Dr Alma Swan, former Lecturer in Zoology at the University of Leicester

“I remember Bob from my time as a student at Leicester. Bob was a great lecturer – an unflappable, ‘no-nonsense’ academic who really knew his stuff and he was very encouraging of students that were keen to learn. I remember fondly the field trip he led with Muriel to Dale Fort, and especially the estuary sampling exercise“ 
Professor Iain Barber, University of Aberystwyth

“Bob Harris was my supervisor during my PhD, from 1992 to 1995, in a joint programme between the University of São Paulo (USP) and the University of Leicester (UoL), sponsored by the Brazilian Government (CAPES). During this period, I spent a whole year (1992) at the Leicester Zoology Department. Bob made my experience there special by the way he always did things, starting from welcoming me personally at Heathrow and then showing me around. During the week he showed his professionalism through his support as a researcher and supervisor. Some weekends he would show his hospitality by taking me to meet his family and explore the countryside, or for a pint in pub or dinner at his home. In both scenarios he was always kind and attentive. After this period in the UK, Bob came to Brazil with his beloved wife Jo, to help me with some final experiments at the Marine Biology Center of USP. It was a wonderful period for me, during which I was honoured to learn a great deal about crustacean osmoregulation under his guidance. But our story did not end there. We kept in touch over the years and we met at different places, the last time was in Paris in 2019. Bob was a strong inspiration for me in science and will always be remembered not only by his excellence in research but also because of the very generous human being he was.”
Claudia Bueno dos Reis Martinez, former PhD student of Bob Harris, and Professor at State University of Londrina, Paraná, Brazil

The family writes:

Bob was a devoted, loving husband and companion, who supported his wife Joanna unfailingly for their 60 years together, from their very first meeting as freshers at the University of Southampton, throughout their 58-year marriage and happy family life. He was a wonderful Dad, who with Jo gave his daughters Catherine and Nicole a childhood full of fun, laughter and love; supported them throughout their school years and beyond, and took great pride and interest in everything they did. He was an equally lovely Grandad who took great joy and interest in his three granddaughters.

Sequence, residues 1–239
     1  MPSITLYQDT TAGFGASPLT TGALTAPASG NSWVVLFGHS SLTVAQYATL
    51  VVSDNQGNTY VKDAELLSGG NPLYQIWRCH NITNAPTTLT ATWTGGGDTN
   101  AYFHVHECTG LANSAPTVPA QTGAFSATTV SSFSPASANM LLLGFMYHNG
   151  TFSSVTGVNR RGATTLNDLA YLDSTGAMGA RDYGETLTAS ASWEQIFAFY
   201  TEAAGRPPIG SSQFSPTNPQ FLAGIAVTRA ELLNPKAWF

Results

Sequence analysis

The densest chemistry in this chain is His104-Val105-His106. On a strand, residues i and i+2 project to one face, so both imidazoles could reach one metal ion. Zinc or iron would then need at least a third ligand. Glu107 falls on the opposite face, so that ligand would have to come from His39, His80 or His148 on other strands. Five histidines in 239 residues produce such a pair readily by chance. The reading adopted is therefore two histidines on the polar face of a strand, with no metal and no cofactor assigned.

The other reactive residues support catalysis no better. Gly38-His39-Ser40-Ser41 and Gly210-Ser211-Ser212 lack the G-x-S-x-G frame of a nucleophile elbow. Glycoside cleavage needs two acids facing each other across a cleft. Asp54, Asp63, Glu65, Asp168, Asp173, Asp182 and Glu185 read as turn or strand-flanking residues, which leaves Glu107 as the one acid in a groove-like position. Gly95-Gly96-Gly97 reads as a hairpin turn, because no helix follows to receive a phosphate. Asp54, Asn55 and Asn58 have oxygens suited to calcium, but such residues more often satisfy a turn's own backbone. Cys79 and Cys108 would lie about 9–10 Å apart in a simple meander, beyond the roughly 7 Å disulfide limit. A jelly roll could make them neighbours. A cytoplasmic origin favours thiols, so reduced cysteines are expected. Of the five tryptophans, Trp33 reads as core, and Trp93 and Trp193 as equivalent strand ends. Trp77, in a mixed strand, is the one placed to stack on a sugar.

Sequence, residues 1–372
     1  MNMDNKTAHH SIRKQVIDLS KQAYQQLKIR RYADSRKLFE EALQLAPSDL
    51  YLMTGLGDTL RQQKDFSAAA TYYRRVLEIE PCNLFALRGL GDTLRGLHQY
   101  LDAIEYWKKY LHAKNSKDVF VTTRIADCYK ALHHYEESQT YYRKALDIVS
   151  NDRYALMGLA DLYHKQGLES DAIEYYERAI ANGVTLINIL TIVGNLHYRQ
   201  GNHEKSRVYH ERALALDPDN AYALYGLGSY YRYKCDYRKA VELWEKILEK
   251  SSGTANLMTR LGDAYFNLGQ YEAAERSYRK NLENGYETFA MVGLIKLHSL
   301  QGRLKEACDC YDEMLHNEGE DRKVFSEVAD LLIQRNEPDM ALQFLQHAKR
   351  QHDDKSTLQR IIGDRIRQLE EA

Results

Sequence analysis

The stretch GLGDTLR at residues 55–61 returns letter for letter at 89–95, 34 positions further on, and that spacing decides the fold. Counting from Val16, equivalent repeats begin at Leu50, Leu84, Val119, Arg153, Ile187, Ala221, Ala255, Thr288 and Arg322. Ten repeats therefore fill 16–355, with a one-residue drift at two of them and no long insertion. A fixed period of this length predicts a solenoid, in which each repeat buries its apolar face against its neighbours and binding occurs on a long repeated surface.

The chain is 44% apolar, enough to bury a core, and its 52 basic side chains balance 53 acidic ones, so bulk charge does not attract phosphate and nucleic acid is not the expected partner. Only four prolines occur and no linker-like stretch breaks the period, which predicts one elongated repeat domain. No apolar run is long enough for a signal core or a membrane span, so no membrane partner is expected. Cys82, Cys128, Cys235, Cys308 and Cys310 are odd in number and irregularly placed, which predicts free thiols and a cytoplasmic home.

Bob was determined to be a scientist from a very early age. Following his early life in Zimbabwe (then Rhodesia) and Wales, then a grammar school education in West Sussex, he became a scholarship student in Zoology at the University of Southampton, before embarking on a long and distinguished research and teaching career. He was utterly committed to, and passionate about his research and teaching work, and the family has many memories of his working life, including his fascinating lab full of (to us!) strange-looking sea creatures in the depths of the Adrian Building and his little office near the old Department of Zoology museum, which smelt strongly of chalk dust, was piled high with papers, interesting artefacts, and postcards from faraway places, and was more often than not (to quote a former colleague) well-attended by students looking for advice, guidance and support. The family also remembers him telling stories about funny practicals and lectures and tales of adventurous times overseas during his research sabbaticals; and closer to home, recalls him patiently marking work or reading through hundreds of UCCA (as it was then) forms of an evening.